: Handwriting Fonts


gordguide
Feb 11th, 2006, 03:04 PM
I'm considering having a font created with my own script. A quick Google shows a lot of providers, and it seems obvious that they all can't be equally good; creating a font is a bit of a black art, after all.

What are ehMac members' experiences? I'd especially appreciate anyone who's done this recently (ie since OSX arrived, and especially if they chose a format other than Macintosh TrueType format, which isn't really necessary anymore).

MannyP Design
Feb 11th, 2006, 07:47 PM
I created a Mac TrueType font a couple of years ago. It can be fun and tedious all at the same time --especially if it's a script-style handwriting font (if you do it yourself). I went with a print version, but it still needs ligatures and a some kerning tweaks. I used Fontographer for OS 9.

OpenType is probably the better of all formats if you need to go cross-platform--it's really an enhanced version of TrueType, but can hold broader character sets, and are ideally suited for web and PDF publishing. The look good at any size.

ernestworthing
Feb 11th, 2006, 10:15 PM
Try this:
http://dekorte.com/projects/shareware/Postcard/

Scroll the the bottom for Handfonts (free handwriting fonts).

As for creating your own fonts, most people seem to like Macromedia Fontographer. That's what the creator of the Foxtrot comic Bill Amend used for the script in his strips.

MannyP Design
Feb 11th, 2006, 11:50 PM
Try this:
http://dekorte.com/projects/shareware/Postcard/

Scroll the the bottom for Handfonts (free handwriting fonts).

As for creating your own fonts, most people seem to like Macromedia Fontographer. That's what the creator of the Foxtrot comic Bill Amend used for the script in his strips.
Fontographer is now a FontLab (http://www.fontlab.com/) product--and is now available for OS X. :)

Roger
Feb 12th, 2006, 12:15 AM
Haven't tried this, but check here to download a template, write your letters, send it in and - presto - your own font.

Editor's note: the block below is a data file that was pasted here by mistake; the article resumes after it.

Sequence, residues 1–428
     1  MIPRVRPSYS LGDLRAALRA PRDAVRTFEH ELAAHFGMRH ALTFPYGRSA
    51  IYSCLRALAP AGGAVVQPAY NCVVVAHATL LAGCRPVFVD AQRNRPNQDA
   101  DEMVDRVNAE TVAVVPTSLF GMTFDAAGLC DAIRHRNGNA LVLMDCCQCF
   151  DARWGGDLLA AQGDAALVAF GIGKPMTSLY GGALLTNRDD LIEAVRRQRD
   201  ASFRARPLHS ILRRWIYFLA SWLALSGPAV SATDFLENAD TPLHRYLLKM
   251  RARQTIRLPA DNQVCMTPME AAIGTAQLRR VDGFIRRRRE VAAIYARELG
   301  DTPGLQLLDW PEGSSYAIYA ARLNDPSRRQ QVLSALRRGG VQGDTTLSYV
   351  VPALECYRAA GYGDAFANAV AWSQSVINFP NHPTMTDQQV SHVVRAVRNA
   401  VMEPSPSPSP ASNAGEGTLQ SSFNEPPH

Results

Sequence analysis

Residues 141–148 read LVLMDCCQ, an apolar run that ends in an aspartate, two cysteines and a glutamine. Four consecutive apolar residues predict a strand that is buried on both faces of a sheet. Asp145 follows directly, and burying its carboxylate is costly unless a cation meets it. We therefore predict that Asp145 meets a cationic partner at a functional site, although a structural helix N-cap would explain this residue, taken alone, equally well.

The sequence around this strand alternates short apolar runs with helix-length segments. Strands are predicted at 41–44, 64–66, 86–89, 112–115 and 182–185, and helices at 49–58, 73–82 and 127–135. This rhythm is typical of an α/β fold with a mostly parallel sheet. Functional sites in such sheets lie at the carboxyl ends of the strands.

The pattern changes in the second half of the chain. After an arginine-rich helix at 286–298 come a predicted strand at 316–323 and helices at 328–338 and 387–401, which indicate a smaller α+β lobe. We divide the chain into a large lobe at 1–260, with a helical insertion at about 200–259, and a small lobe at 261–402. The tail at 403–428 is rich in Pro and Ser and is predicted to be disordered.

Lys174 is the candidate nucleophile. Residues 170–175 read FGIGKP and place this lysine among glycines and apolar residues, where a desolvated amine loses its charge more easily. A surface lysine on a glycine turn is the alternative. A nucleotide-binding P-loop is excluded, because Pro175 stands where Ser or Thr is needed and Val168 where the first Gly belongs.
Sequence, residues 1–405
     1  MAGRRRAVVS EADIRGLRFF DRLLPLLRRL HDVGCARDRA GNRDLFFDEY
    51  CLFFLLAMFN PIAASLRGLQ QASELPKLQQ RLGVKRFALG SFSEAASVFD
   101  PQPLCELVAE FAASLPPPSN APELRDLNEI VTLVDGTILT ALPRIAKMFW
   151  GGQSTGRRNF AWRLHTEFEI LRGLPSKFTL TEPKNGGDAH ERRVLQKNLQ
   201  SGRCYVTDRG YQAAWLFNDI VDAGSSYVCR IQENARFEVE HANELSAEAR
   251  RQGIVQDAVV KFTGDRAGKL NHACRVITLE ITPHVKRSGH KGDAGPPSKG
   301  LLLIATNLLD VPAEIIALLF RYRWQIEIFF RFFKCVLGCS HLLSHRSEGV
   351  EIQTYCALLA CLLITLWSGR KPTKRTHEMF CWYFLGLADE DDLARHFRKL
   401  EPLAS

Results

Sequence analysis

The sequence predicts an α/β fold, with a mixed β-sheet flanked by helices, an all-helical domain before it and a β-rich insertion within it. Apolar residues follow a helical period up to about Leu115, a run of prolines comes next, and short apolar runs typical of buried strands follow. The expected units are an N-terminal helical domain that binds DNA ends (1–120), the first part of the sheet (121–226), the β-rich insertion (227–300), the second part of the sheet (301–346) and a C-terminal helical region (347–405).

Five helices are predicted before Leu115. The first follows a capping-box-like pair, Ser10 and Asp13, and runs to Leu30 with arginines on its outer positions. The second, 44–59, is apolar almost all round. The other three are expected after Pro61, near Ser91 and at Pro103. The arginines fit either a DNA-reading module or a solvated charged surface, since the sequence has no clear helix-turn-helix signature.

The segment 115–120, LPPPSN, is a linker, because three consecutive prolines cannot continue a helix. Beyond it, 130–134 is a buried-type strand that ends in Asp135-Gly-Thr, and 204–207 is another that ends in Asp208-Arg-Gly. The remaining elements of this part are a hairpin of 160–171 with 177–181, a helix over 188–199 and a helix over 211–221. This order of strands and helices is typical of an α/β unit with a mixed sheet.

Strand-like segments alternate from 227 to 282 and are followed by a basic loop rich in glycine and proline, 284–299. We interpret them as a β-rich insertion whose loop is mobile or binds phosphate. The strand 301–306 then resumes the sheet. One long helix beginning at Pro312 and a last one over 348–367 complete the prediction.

http://www.fontifier.com/

Also, a tutorial on making your own font:

http://www.myfirstfont.com/

gordguide
Feb 12th, 2006, 06:48 PM
MannyP: yeah, the consensus seems to be cursive is not so easy but non cursive isn't much of a problem.

I spent most of yesterday checking out some options. Like you, I'm considering making my own. The very best custom-created cursive fonts cost in the order of $US 150, while a non-cursive font vaires; I found prices as low as $9 for a fully automated font (no hand tweaking).

There are apparently at least three versions of proprietary applications that create fonts, and people do make them by hand.

I did find some apparent bargains, especially if you're willing to hand tweak it yourself with a font tool, it might be fairly quick and painless.

So far, these seem to be the best choices:
Roger's link to Fontifier above; they are automated (no hand tweaking at all) and use software developed when researching Artificial Intelligence at MIT. For $9 it's almost too easy.

Quantum Enterprises (http://www.quantumenterprises.co.uk/fonts/index.htm) of England, who offer Standard (144 user defined characters, £9), Signature (214 user defined characters, including signature, £15) and premium (£60) versions.

The Premium is recommended by them for cursive writing, they claim to extensively hand-tweak the premium font, and a few of the cursive examples work quite well. You can check their work out; they have free downloads of fonts they've created; depending on whether the user gave permission or not.